150 years after Paul wrote his letter, a famous theologian called Irenaeus said ‘The glory of God is a human being fully alive’. God longs to see us flourish - to be full alive. 

And Jesus said that he came to bring life, and life in all its fullness. Not a bit of life, or an ok life, but life in all it’s fullness.

And that’s our task here in this church - to love and honour one another, so that we can all flourish and be fully alive. That’s what we are asked to do, as followers of Jesus in this place. 

We’re a mixed bunch. Some of us have been around a long time, some have joined the community recently. Some of us have been following Jesus for years and years, some are taking first steps on that journey. Some of us love to worship with our hands in the air and to feel the Holy Spirit moving in power, some of us find silence, stillness and mystery the place of encounter with the Living God. Some of us are doing great with life, some of us are really struggling. Some of us are doing great with God. Some of us can’t find Him at all.

That’s who we are.

And Jesus came to bring life in all its fullness to all of us - not just to some. To all of us.

And we, you and me, we are the ones who are make that happen.  How? By loving one another and by honouring each other.

Honour is an interesting word and not one we use much these days. But to honour someone is to have a high respect for them - to hold them in high regard. To think that they are important and that they matter. To know that their wellbeing is your concern. It means to see their gifts and strengths and to try to draw them out. To honour someone means speaking well of them, and not gossiping or saying unkind things. 

At a wedding, the couple promise to love, comfort, honour and protect each other. I ask couples to talk to each other about what those words mean. One couple said they talked about the word ‘honour’ and as a result had agreed that they would never say anything critical about the other to another person - you know the way that couples can sometimes get into the habit of moaning about their partner to friends - to honour each other meant never doing that. I thought that was wonderful.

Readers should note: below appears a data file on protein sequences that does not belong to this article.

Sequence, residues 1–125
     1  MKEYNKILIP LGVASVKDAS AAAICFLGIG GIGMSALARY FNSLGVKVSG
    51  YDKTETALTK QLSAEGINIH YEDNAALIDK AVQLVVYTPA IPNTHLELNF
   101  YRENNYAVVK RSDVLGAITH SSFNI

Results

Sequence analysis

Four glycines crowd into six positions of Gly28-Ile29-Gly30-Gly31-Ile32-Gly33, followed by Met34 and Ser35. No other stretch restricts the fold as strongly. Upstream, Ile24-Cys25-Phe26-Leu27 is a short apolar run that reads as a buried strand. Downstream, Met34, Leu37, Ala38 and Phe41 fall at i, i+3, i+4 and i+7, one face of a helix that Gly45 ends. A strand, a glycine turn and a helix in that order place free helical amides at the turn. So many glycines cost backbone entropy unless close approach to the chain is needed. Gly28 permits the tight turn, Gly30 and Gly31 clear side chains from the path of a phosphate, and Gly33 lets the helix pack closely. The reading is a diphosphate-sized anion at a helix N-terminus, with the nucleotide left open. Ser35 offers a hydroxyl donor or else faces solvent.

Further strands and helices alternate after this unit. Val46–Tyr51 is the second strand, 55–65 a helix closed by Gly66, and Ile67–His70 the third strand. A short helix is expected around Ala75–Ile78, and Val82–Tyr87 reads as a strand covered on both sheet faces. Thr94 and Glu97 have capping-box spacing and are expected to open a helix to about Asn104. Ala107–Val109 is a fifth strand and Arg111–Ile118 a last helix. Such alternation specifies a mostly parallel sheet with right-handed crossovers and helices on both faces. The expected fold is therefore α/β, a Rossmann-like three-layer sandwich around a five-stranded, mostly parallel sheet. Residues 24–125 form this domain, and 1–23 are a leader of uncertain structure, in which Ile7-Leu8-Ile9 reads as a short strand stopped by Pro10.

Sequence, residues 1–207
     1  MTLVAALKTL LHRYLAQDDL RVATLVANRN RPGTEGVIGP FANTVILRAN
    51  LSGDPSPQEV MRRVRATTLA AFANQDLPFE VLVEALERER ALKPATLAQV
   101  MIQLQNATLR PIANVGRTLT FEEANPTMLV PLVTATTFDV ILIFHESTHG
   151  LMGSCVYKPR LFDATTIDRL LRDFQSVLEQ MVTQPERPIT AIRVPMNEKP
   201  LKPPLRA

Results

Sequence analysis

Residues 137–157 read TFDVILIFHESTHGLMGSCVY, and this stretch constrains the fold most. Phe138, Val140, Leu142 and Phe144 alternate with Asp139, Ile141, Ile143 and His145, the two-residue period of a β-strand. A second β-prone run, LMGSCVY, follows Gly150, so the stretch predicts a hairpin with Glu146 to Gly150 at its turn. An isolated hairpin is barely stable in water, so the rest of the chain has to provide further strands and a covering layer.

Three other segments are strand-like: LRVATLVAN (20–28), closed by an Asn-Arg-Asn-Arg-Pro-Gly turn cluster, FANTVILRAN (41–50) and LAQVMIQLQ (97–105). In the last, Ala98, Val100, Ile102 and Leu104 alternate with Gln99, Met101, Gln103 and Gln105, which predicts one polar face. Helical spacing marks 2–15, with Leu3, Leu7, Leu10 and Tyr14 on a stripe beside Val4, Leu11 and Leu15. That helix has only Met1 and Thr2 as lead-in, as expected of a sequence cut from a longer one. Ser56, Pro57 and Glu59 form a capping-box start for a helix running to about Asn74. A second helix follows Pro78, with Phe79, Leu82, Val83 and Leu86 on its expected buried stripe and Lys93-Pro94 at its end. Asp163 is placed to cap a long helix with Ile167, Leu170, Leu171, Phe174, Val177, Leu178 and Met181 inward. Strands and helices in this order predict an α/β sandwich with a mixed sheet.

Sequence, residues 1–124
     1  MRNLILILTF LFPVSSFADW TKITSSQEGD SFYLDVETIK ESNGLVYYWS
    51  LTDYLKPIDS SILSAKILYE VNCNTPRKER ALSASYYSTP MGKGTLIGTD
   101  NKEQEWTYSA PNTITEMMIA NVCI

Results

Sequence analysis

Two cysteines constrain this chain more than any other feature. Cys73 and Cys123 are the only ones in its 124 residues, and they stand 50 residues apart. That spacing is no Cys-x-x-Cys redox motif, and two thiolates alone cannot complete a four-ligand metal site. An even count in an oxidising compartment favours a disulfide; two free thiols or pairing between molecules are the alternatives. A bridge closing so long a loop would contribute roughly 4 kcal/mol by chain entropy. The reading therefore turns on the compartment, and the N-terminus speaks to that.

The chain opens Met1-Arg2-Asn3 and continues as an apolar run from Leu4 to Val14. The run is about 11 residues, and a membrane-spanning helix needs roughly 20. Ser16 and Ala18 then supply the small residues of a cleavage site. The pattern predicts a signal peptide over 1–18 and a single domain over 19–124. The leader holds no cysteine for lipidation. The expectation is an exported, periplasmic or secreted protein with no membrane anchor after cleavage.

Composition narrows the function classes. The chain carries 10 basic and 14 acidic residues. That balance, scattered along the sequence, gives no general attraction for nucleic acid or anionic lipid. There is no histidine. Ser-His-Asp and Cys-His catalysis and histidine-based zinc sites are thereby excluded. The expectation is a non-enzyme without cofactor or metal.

What would it mean for you to honour those you are sitting amongst today? The people you know and like, the people you don’t know and the people that you don’t like that much? How can you honour them so that they might flourish and be fully alive?

Here are some things I thought of - and you will have your own thoughts.

  • We could look out for the gifts and skills that we see in each other and comment on them, encouraging each other to use those gifts
  • We could say something kind and honouring about someone to someone else. Positive gossip, you might call it
  • We can lift someone before God and commend them to the Him, telling God what we see about this person that is worthy and holy and good and asking God to bless them.